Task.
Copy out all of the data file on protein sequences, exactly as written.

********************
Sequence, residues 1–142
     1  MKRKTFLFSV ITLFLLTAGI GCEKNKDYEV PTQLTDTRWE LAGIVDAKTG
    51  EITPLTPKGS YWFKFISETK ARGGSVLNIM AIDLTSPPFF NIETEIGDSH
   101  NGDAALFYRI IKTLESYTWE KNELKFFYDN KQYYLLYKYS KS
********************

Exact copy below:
Sequence, residues 1–142
     1  MKRKTFLFSV ITLFLLTAGI GCEKNKDYEV PTQLTDTRWE LAGIVDAKTG
    51  EITPLTPKGS YWFKFISETK ARGGSVLNIM AIDLTSPPFF NIETEIGDSH
   101  NGDAALFYRI IKTLESYTWE KNELKFFYDN KQYYLLYKYS KS